3D Lenticular Work

Where Are You From - 3d Lenticular                                  BP_05_12_008

This article, by writer Barry Dumka, was published in conjunction with the debut of Bruce Pashak’s 3D Lenticular light boxes at the 2012 Toronto International Art Fair.

BRUCE PASHAK AND THE ILLUSION OF SPACE

“I have always wanted images to disappear in certain places”       -Bruce Pashak

The intrigue for illusionary visual space can be traced back to antiquity.  Painting broke free of its surface constraints in the Baroque period though perhaps only Caravaggio knew what to do with that projective freedom. His work engulfed the viewer so they felt caught up in the drama. The religiosity available through art could finally move from being an inspirational aim to a privately sensual experience. He even made it that the trick celebrated its own trickery, a very modern stance.

More recently, three dimensionality in visual experience became an ever-cheaper form of movie magic, a digital toy for children. And soon it will be just another tool in the hands of advertisers: the mirage of materialism. It would seem to be all downhill from here.

Bruce Pashak’s 3D lenticular lightboxes aim for a different advantage. The 6’ x 4’ lightboxes have the size of bus shelter ads but the piety of a private confessional. The radiance of light emanating from each framed panel seems to sanctify these spaces. The digital lenticular transfer process starts with Pashak’s studio work so the end result is classically-formal draughtsmanship wedded to technology.

What is intended is a marriage of equals. Both the selected text and imagery, as well as the technology itself, are meant to serve the viewer in a individualised experience. The work is complex, sly and compelling. In the illusive depths and forward motion of these spaces we can actualise our own interpretation of Pashak’s visual cosmologies. Or simply give ourselves over to the light of this creative hallowed space. Pashak claims no agenda though – as a self-professed abstract conceptual artist – he uses technology cleverly luring the eye toward a deeper consideration of meaning. These might be existentialist mouse traps with gorgeous colours and imagery as the bait.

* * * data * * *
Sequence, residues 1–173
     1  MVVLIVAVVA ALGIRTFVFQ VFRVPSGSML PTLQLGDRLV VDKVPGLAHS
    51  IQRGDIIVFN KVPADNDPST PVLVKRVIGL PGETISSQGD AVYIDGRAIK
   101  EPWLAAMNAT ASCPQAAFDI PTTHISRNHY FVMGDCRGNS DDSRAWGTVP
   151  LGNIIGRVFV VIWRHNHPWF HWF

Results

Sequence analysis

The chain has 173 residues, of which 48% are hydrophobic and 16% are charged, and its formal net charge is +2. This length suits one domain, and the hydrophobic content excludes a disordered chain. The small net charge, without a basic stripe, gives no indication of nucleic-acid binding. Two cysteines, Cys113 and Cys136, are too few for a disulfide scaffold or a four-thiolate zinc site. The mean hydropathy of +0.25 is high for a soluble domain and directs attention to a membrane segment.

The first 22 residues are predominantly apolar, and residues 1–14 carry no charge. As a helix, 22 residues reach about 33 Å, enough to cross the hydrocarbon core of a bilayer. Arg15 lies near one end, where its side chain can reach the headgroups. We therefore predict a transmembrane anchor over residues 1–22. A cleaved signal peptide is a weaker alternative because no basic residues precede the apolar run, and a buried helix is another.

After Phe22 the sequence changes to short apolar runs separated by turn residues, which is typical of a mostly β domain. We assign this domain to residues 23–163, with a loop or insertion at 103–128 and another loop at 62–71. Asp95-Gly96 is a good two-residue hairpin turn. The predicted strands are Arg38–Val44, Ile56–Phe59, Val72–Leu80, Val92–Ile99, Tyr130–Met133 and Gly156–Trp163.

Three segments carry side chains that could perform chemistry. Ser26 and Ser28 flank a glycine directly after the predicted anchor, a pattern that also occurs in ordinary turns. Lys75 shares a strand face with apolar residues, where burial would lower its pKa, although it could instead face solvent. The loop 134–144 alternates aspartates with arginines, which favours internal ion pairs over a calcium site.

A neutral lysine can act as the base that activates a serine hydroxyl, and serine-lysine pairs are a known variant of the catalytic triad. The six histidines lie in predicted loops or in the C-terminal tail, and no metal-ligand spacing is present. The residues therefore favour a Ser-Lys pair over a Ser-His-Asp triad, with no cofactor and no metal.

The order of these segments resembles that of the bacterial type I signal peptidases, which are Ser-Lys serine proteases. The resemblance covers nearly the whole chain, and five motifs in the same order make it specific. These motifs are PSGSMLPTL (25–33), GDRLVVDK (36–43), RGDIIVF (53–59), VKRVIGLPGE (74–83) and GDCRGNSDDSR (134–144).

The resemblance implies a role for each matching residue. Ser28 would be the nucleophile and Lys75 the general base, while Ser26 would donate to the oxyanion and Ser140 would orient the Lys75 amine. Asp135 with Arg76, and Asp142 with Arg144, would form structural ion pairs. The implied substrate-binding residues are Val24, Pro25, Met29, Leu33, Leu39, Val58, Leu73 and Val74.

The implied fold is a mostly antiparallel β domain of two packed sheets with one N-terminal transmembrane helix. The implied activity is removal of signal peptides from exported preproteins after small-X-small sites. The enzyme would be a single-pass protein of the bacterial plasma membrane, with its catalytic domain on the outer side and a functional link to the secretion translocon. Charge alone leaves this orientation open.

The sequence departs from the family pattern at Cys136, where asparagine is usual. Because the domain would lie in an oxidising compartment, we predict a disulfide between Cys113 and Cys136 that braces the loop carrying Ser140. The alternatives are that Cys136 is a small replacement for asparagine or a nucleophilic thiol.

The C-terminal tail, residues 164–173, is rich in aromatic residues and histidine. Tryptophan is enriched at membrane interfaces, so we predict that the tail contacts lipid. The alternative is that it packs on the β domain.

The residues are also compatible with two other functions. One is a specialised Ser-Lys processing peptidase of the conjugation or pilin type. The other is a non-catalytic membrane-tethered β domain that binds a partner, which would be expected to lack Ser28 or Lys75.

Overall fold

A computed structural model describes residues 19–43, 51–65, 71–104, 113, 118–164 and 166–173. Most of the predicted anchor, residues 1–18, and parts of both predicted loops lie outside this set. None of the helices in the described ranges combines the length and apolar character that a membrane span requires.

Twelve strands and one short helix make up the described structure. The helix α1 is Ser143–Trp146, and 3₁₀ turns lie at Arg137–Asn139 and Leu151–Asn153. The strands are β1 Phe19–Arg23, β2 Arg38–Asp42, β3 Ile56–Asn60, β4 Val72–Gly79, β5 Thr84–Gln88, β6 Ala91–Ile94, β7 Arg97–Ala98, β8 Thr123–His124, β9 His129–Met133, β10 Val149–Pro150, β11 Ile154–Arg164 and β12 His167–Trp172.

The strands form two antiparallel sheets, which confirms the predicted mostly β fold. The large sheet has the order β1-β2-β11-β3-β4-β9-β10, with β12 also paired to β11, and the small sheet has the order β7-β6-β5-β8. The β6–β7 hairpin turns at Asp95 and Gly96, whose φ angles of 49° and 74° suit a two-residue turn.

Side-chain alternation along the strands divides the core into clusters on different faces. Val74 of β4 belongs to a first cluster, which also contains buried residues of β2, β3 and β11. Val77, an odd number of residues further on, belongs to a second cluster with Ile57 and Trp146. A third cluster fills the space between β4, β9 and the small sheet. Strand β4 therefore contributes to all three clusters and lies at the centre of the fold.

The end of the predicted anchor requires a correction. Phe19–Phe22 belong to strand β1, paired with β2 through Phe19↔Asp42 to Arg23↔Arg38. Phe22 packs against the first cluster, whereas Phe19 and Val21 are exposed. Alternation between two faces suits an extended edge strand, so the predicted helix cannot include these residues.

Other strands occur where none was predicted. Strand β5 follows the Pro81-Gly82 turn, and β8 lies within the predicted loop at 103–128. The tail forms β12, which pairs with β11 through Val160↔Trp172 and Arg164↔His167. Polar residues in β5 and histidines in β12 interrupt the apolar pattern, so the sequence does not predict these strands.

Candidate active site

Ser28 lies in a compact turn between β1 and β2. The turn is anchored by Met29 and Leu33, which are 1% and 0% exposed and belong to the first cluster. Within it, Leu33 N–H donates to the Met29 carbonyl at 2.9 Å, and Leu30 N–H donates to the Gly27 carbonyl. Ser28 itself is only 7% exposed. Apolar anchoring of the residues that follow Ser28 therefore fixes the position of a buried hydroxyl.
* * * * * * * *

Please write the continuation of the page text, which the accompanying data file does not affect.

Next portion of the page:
In “Bird of Paradise”, Pashak shows how perception hovers in the balance between material and ephemeral worlds. The bird, baubles and bright scrabble of text float into place, hovering somewhat capriciously before us as we try to solve their meaning in this ever-dissolving space. Pashak knows how to play with optics as much as imagery. The angelic beauty of the hummingbird actually feels like an apparition, both transitory and transformative.  That the ‘effiusiveness’ of the piece literally pours out at us shows just how cunning the work seeks to be.

Given its textual reference, “Where Are You From” reads like a profile in courage. But it also shows in starkest relief how important perception is to socio-cultural choices and to Pashak’s work as a whole. The title line in the piece – a rare fully-encoded phrase from an artist known for his jabberwocky – refers to the question Mark Stroman put to a Texaco gas station worker before he shot him in the face. In the wake of the horrors of September 11, Stroman sought to avenge America by killing people of ‘Arab’ appearance.  He first killed two men of Pakistani and Indian descent before entering the gas station and shouting the question to the Bangladeshi behind the counter. He fired before he got a reply.

Pashak makes smart use of the 3D lenticular technology. The suspended profile – a woman of colour, calm and open – radiates through the space just as the central question sinks in. Where, who, what, why. All the pointed queries that perception faces pull us into this virtual scene. The figure is conservatively dressed as a traditional domestic though her own features are expressive and unconstrained. Appearing in context with the bird, lizard and rat beside her – a menagerie of lower order life – we question her value.

Or perhaps – following Foucault’s suggestion – we should question our own classificatory system. Where does objective reality lie?  Indeed, the woman appears to be essentially herself; enigmatic as all great portraiture strives for. The lenticular technology – this floating world – releases her, and us, to a more immersive consideration of meaning and individual value.

 

Barry Dumka